It revealed illegal behavior (B). Charges against Enron employees and its auditors included securities fraud, bank fraud, money laundering, conspiracy, insider trading and obstruction of justice.
The conviction of the auditors, Arthur Anderson, was eventually overturned by the Supreme Court, but by then the firm had gone out of business.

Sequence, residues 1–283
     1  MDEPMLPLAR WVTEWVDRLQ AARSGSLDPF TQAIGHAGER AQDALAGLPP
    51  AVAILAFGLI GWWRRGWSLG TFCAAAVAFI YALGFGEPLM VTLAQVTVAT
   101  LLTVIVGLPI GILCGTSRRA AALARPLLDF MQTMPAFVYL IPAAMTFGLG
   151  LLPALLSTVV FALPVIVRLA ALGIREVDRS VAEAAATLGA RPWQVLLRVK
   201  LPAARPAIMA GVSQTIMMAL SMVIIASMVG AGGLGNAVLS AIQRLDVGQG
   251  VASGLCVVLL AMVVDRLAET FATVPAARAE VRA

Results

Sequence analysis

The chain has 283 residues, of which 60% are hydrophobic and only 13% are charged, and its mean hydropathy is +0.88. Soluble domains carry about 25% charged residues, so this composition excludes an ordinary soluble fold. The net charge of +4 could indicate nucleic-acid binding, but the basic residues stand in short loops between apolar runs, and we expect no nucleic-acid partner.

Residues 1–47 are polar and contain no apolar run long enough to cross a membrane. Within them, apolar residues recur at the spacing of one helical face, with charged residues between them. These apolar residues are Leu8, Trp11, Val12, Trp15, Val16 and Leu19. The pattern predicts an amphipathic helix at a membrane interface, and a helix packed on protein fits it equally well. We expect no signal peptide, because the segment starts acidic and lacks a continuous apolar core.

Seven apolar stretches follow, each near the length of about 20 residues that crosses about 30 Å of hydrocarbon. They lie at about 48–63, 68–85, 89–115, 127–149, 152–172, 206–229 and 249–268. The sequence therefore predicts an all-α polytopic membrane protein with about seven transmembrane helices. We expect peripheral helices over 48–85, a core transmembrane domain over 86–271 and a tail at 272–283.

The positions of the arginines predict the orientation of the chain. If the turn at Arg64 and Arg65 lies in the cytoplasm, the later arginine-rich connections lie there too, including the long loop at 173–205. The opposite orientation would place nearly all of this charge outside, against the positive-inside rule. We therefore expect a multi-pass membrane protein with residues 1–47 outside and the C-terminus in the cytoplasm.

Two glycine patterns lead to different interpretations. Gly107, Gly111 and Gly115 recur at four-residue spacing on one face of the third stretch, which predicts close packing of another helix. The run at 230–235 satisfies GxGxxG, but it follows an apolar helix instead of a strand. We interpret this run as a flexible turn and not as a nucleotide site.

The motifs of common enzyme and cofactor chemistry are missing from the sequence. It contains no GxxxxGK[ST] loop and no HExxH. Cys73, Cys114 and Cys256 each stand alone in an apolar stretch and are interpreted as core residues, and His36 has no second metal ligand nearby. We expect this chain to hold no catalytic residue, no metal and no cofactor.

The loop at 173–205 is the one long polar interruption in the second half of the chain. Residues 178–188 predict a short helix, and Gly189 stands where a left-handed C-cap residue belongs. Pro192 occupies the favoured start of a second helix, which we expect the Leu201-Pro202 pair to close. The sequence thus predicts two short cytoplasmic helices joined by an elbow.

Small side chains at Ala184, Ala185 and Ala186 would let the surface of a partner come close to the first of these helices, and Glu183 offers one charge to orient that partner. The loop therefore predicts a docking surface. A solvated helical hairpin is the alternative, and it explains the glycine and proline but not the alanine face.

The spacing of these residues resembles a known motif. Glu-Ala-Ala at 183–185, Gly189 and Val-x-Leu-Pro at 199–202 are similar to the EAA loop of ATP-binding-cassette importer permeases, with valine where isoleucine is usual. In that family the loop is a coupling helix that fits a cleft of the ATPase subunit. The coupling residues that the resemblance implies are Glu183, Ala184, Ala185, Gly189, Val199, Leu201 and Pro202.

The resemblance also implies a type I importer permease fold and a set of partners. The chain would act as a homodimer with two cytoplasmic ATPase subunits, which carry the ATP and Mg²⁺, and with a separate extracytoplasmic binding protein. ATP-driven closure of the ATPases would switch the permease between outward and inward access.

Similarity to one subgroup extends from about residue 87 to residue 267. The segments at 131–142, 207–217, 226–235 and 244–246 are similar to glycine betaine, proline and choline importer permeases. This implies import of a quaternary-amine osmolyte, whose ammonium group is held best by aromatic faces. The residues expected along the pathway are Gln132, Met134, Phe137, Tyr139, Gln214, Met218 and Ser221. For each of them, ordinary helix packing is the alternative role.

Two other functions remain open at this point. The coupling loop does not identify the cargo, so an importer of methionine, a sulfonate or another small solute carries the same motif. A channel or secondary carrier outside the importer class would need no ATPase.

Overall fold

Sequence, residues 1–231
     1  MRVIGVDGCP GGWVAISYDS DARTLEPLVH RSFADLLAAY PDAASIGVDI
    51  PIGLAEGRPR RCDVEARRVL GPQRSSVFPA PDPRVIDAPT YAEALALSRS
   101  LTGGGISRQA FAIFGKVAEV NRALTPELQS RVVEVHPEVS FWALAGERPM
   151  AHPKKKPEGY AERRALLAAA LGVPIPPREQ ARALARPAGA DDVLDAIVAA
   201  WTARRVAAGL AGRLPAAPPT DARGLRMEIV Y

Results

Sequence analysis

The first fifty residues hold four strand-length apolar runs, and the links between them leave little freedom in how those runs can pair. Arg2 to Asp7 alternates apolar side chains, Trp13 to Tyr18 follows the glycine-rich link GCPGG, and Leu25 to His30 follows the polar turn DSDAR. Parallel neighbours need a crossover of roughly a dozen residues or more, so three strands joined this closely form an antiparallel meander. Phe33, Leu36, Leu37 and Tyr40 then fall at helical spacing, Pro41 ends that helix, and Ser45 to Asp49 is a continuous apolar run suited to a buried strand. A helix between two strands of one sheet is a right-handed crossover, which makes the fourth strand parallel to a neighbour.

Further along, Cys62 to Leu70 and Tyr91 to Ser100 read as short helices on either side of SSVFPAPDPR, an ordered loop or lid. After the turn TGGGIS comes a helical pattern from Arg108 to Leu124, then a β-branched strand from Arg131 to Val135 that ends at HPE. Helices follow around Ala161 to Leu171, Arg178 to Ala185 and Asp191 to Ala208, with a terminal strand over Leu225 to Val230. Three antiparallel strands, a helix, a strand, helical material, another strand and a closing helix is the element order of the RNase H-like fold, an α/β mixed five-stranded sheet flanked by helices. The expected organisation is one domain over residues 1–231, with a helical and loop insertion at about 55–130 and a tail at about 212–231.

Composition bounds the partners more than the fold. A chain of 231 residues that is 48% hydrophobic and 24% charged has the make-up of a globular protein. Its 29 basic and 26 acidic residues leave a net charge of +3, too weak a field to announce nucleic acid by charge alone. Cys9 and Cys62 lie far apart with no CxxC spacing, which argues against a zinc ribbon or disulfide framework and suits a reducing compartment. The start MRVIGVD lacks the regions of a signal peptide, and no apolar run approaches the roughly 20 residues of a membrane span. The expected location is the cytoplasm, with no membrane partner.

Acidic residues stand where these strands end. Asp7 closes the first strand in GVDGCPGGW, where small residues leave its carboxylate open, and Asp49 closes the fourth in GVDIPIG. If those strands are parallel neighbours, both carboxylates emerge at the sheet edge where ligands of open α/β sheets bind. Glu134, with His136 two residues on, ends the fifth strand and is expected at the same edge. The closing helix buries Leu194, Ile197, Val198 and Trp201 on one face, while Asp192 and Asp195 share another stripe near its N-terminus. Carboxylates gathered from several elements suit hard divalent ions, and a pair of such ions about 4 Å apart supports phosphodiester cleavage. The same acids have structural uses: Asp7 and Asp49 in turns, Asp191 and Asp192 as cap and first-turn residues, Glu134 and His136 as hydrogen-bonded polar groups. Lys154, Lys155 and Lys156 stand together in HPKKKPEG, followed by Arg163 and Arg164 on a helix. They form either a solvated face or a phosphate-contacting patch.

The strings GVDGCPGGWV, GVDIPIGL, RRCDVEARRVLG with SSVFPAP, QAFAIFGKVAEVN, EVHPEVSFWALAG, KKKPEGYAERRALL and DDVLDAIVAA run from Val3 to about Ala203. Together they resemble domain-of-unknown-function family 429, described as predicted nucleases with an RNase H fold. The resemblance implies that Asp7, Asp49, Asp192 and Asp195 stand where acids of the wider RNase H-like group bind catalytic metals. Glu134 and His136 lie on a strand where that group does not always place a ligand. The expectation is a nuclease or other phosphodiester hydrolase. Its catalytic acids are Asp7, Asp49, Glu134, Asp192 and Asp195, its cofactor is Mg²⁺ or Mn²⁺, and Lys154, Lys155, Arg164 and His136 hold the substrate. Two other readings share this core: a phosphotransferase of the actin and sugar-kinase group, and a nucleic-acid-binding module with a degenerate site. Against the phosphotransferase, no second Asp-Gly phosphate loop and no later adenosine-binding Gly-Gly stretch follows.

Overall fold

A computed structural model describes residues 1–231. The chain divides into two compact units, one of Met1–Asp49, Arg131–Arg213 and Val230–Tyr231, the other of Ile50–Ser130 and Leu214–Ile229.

In addition to the illegal activity, many of the accounting treatments were considered unethical, but not necessarily illegal. These included the use of special purpose entities and recording trading transactions on a gross basis. It is estimated that Enron's shareholders lost a total of about $74 billion as a result of the scandal and ultimate demise of the company.